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bug#25247: 26.0.50; Concurrency crashes with XLib


From: Eli Zaretskii
Subject: bug#25247: 26.0.50; Concurrency crashes with XLib
Date: Sat, 31 Dec 2016 20:06:21 +0200

> From: Elias Mårtenson <address@hidden>
> Date: Sun, 1 Jan 2017 01:28:10 +0800
> Cc: Tino Calancha <address@hidden>, address@hidden, address@hidden
> 
>  The display on the screen will only change if Emacs enters redisplay.
>  If you see the file's contents change, but the display on the screen
>  doesn't reflect that, it means Emacs does not get a chance to perform
>  redisplay, because it doesn't become idle in any of the threads that
>  are active. Which could be the case, since every time a running
>  thread is about to become idle, there's another thread ready to run.
> 
> I'm not sure exactly what you refer to when you say "ready to run". There are 
> of course more threads, but
> none of them should be "ready to run".

"Ready to run" means here a thread that is stuck in
acquire_global_lock.  One of those threads will succeed in acquiring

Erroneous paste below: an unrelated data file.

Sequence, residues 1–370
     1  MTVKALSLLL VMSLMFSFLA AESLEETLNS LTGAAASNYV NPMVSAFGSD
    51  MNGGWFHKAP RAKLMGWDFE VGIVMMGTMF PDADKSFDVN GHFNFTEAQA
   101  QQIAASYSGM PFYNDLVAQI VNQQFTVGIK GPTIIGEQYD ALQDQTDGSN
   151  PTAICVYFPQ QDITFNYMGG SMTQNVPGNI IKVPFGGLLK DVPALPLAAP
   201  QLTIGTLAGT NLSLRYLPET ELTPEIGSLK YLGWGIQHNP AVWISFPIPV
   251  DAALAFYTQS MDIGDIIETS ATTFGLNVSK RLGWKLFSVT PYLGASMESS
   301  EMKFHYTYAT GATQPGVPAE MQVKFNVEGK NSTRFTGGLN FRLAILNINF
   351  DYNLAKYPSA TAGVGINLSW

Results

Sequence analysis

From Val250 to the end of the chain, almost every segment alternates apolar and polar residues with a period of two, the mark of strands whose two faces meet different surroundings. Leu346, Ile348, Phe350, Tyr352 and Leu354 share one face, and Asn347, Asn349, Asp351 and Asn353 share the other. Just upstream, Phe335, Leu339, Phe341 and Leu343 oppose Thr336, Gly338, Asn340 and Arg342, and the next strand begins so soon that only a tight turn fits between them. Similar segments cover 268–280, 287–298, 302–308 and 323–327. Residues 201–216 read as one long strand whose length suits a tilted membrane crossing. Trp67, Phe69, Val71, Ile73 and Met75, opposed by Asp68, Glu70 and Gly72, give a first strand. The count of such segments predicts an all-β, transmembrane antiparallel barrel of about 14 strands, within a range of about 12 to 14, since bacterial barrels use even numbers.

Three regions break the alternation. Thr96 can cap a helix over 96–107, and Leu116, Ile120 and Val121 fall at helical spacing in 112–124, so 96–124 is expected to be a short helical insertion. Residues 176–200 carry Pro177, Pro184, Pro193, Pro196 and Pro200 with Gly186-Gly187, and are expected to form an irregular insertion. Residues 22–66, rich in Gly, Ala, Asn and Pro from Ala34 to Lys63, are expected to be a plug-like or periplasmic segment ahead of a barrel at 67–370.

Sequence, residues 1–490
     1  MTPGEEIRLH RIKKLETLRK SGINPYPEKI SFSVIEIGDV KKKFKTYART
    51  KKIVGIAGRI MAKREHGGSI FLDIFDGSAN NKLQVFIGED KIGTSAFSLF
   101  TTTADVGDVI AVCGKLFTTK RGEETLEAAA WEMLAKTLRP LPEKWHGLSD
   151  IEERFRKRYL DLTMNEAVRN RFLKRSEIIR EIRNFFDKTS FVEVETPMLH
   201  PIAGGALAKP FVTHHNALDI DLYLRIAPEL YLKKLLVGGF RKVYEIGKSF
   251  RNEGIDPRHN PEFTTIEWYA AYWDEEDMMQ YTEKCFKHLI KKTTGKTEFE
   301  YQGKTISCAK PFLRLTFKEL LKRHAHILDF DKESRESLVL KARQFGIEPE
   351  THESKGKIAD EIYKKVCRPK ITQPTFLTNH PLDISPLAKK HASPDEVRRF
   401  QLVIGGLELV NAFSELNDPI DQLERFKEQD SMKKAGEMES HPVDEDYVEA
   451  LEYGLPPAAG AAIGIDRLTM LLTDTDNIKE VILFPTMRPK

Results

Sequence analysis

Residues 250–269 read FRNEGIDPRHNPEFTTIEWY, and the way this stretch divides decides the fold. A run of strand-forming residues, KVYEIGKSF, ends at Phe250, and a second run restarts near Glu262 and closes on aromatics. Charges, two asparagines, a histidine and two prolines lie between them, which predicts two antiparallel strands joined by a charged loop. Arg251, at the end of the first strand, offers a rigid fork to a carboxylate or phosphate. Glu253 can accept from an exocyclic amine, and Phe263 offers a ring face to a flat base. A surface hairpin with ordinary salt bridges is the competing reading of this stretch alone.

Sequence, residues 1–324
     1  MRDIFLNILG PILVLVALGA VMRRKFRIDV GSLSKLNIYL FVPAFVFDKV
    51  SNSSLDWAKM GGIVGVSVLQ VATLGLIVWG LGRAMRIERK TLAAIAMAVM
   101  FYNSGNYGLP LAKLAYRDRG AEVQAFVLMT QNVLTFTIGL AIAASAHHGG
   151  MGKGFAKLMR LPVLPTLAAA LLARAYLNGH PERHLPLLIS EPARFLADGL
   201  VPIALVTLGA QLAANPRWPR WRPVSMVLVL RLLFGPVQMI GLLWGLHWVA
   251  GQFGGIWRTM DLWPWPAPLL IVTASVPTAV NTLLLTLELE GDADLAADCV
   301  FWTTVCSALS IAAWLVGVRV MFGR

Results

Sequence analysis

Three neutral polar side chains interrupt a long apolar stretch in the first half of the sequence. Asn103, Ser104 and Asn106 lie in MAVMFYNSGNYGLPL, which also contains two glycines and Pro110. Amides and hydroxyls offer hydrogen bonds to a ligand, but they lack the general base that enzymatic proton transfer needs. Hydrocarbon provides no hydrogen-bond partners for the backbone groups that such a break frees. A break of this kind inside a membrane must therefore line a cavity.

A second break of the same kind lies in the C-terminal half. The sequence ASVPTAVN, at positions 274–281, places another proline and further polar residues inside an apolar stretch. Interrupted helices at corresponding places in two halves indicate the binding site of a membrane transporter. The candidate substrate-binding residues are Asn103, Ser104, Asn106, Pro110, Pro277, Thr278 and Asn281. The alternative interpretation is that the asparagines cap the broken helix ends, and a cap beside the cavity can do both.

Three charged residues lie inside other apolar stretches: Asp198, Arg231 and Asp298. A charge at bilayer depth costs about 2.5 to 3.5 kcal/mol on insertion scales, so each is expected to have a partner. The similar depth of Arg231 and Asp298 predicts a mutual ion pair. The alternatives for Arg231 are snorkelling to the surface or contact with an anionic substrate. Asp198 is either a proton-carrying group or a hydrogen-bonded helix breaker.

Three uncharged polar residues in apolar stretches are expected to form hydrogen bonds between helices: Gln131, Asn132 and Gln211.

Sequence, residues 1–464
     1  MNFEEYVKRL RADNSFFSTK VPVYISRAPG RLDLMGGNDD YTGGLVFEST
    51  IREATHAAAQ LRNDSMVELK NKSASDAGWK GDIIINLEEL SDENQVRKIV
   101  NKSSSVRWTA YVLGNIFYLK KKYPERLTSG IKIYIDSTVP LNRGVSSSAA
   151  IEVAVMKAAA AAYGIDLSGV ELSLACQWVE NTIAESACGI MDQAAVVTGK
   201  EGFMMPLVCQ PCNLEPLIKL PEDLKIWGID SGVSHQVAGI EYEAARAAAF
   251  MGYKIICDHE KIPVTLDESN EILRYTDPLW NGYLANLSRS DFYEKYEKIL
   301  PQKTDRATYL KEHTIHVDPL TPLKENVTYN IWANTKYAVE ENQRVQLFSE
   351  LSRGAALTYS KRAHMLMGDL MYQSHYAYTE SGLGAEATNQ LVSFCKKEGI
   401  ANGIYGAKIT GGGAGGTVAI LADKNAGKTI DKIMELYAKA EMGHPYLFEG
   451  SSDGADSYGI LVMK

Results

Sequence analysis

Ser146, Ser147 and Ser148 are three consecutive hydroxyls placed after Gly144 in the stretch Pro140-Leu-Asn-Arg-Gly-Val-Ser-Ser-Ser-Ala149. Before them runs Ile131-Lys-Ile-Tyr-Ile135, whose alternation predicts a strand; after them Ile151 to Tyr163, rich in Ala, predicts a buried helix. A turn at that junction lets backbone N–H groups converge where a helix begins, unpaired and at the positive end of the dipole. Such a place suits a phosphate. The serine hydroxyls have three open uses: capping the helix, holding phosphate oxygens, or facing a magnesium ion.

the lock when the thread which was previously running releases the
lock.

> They're all sitting in 'sleep-for' already.

Those which are still waiting for their sleep period to expire will
not run, because they are inside the pselect call.  Only the threads
whose sleep period already expired are "ready to run", because they
call acquire_global_lock right after the pselect call returns.

>  > Interestingly enough, the minibuffer message does get updated.
> 
>  Displaying minibuffer messages uses a separate entry to redisplay, and
>  that entry only displays the echo area, unless it needs to resize the
>  mini-window.
> 
> I see. I did notice that calling 'redisplay' after the 'insert' makes 
> everything work exactly the way I'd expect it to.
> 
> I guess doing that is perfectly acceptable and understandable once one has 
> had the benefit of someone
> explaining it to him, like in this case. That said, it would be nice if I 
> didn' thave to.

It's perfectly normal for Emacs not to redisplay when some Lisp is
running.  That is what happens here, except that "some Lisp" in this
case can come from another thread.





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